The number of fully vaccinated people in Africa stands at barely 4 per cent of the continent’s population, compared to up to 80 per cent for some of the high-income countries; despite having a near 75 per cent acceptance rate. This is a supply and not a demand problem.
Policy makers in Africa and communities at all levels should be outraged!
The recently concluded Global COVID-19 Summit hosted by US President Joe Biden on Ending the Pandemic and Building Back Better Health Security to Prepare for the Next, served its objective – to marshal more doses and financial support to developing nations where COVID-19 tools; vaccines, treatments and supplies remain scarce.
Several commitments were announced at the summit, including the delivery of at least 2.6 billion vaccines to accelerate vaccination, hoping to vaccinate 40 per cent of the world’s population by the end of 2021, and up to 70 per cent by September 2022.
As plans are underway to ensure commodity security, we welcome the additional contributions of approximately 850 million COVID-19 vaccine doses (for the world) and commitments from leaders of countries and organizations to save lives now and build back better.
These are the first, in a long line of steps to secure Africa’s ability to fight for its future. We applaud South Africa’s President Cyril Ramaphosa for underscoring the need for a sustainable plan on how developing countries will meet targets around vaccination, oxygen, diagnostics and personal protective equipment, as well as boost manufacturing.
Summit goals met?
The Summit certainly met its goals to garner support; however, we are still miles away from COVID-19 pandemic control and building better health security for Africa.
At Amref Health Africa, we have been at the forefront of engaging communities on the continent, providing technical assistance to ministries of health, educating and supporting deployment of health workers and defining a new way of doing public health in Africa.
As we move forward, the 5 imperatives for ending vaccine injustice in Africa are the following:
- Donations not loans! Vaccines that come at a cost, however low, or those acquired through World Bank loans increase the debt burden.
Africa, a continent that is home to 17 per cent of the world’s population but accounts for only 2.7 per cent of global production cannot afford more than $50 per capita of public expenditure on health even at maximum tax efficiency, maximum allocation to health and 100 per cent budget execution. For an African country to buy its own COVID-19 vaccines, it has to spend more than 30 per cent of its total health budget. Therefore, COVID-19 vaccinations to Africa cannot be through loans but through multilateralism. Health, just like climate change mitigation, is a GLOBAL PUBLIC GOOD.
- End vaccine injustice! Demand that rich countries stop stockpiling COVID-19 vaccines. Vaccine manufacturers and countries with vaccine stockpiles should prioritize and accelerate dose commitments to COVAX and the African Vaccine Acquisition Task Team (AVATT) giving these mechanisms room to move forward in the queue.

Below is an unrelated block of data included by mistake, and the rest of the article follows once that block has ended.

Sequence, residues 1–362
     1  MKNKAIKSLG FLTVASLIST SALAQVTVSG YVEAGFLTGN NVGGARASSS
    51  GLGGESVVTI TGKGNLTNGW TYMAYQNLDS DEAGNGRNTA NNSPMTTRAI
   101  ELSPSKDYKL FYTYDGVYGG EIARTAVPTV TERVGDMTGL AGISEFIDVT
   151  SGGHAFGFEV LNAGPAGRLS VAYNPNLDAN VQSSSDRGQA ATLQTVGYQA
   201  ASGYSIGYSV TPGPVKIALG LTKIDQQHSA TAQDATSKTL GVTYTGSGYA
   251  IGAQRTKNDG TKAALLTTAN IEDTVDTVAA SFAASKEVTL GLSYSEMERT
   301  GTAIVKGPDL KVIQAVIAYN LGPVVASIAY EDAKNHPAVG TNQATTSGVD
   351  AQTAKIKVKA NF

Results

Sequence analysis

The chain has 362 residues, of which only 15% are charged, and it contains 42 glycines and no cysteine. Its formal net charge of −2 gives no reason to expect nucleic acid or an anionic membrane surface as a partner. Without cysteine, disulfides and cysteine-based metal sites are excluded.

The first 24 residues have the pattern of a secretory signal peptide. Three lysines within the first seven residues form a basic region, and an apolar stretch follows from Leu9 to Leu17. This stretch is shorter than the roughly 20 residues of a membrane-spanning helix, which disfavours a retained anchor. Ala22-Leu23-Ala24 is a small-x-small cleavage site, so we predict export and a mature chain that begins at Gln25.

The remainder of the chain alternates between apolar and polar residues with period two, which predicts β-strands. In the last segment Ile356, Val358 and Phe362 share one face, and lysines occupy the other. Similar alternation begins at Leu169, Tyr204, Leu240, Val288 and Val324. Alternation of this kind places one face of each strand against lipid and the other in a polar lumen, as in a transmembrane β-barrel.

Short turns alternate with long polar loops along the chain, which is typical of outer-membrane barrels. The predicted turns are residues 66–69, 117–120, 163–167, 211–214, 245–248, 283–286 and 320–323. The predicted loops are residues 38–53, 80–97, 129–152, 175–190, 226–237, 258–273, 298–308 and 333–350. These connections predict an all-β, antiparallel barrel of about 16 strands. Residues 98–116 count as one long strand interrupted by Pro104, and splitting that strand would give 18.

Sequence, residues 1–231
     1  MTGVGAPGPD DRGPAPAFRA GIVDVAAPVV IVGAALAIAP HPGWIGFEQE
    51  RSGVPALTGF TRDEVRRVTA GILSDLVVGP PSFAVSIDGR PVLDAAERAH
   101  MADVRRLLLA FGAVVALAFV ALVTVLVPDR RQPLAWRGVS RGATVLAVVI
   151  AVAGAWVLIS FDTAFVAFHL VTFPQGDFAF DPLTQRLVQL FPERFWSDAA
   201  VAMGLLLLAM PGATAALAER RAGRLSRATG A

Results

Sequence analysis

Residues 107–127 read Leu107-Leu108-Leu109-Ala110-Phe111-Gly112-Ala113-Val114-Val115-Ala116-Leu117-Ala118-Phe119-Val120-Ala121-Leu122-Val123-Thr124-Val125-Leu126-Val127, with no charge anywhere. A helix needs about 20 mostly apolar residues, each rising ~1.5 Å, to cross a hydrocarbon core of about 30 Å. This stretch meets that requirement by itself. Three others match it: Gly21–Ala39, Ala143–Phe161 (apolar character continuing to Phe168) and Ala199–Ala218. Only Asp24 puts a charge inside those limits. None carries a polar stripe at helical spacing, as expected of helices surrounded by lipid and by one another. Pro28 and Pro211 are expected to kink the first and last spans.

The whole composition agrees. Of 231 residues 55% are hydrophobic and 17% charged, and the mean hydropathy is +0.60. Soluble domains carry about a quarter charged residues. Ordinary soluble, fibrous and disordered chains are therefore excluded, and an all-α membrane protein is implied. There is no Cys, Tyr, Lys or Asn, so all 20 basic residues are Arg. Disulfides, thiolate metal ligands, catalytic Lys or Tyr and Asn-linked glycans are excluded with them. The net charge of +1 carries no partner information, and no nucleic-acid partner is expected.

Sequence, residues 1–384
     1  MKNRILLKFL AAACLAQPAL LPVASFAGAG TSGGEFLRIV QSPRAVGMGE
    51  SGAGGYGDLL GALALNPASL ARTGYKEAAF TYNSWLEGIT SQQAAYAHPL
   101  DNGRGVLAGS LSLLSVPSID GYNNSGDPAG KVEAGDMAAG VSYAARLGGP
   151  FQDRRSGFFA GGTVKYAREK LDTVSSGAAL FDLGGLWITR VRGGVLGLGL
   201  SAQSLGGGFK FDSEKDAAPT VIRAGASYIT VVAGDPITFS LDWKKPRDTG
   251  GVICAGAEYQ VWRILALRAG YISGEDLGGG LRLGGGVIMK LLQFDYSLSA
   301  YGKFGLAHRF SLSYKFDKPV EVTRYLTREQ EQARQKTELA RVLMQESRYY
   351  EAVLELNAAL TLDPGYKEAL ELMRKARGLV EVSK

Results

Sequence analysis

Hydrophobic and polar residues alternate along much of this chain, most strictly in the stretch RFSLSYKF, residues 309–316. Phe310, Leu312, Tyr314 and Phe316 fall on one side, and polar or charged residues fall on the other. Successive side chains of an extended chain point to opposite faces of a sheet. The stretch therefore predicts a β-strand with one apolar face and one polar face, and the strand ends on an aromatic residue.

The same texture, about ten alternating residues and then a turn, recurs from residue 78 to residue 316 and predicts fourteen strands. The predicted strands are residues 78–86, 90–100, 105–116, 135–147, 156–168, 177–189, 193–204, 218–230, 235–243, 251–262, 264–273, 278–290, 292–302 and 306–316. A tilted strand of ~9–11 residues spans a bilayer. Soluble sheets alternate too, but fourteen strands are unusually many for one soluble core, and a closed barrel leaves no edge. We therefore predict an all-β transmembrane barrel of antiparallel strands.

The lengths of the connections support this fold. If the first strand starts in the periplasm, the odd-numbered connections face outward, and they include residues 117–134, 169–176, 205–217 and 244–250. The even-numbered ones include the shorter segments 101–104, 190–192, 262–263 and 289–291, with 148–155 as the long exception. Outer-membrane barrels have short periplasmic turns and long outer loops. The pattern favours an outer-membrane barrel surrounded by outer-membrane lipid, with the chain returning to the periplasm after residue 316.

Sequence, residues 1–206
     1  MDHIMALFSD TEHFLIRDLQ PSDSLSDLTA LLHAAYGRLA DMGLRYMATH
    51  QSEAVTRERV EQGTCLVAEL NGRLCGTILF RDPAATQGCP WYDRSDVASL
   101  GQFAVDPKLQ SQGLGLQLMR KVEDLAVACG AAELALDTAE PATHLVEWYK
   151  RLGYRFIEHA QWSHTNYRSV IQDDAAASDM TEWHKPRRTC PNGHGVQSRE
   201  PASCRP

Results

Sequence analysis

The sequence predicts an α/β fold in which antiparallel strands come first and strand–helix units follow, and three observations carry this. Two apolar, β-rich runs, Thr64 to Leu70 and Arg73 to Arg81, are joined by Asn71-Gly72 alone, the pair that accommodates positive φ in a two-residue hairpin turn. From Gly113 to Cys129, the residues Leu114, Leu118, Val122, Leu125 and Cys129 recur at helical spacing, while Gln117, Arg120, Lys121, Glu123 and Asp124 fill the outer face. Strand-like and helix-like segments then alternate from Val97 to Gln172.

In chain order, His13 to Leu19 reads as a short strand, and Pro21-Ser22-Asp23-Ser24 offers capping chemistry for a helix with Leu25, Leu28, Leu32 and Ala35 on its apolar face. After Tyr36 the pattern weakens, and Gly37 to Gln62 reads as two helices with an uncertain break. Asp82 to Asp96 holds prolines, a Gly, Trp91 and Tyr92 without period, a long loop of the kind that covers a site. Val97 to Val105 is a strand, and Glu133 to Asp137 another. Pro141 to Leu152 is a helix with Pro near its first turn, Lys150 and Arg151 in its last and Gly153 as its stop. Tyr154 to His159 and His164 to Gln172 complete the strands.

Timely delivery of these vaccines is critical; only 15 per cent of pledged doses have been delivered in Africa to date. Delays mean continual spread of the virus and the increase in the virus variants, regression of hard-earned gains made for health systems and prolonged economic recession. An explicit timeline must be shared with COVAX to enable transparent and equitable distribution and the eventual end to this pandemic suffering.
- Strengthen existing global architecture: Before creating new mechanisms, we need to strengthen what we have. African governments must sign on to calls to support the strengthening of WHO’s pandemic preparedness instruments and existing global and regional health architecture. These include the Global Fund to Fight AIDS, Tuberculosis and Malaria, Gavi, the Africa Centers for Disease Control and Prevention (Africa CDC) and so on; as well as civil society platforms for community mobilization and accountability.
- Invest in people-centered health systems: Specifically, realistic, country-specific plans focused on communities and individuals, their needs, and their concerns. We have to re-imagine our health as defined in Africa CDC’s new Public Health Order for Africa. It addresses health systems broadly, and the systems needed to improve health security in Africa. It aims at strengthening public health capacity, especially in national public health institutes; increasing investments in health financing and harmonizing regulatory policies to enable flow of commodities and labour; investing in training Africa’s public health workforce; increasing local manufacturing of health commodities; and leveraging partnerships to meet these goals.
- Build manufacturing capacity now to guarantee commodity security: We also acknowledge South Africa’s new role in hosting the WHO technology transfer hub for the region. Manufacturers need to share licenses, technology and other tools to boost manufacturing for Africa.
African governments, through the African Union, must commit to fund regional manufacturing hubs (at a minimum) and shaping markets to ensure supply matches demand with minimal duplication and waste.
Amref Health Africa is firmly committed to ending COVID-19 vaccine injustice and we continue to fight for vaccine equity.
Africa must be uncomfortable with the status quo.
Dr. Githinji Gitahi is the Group CEO, Amref Health Africa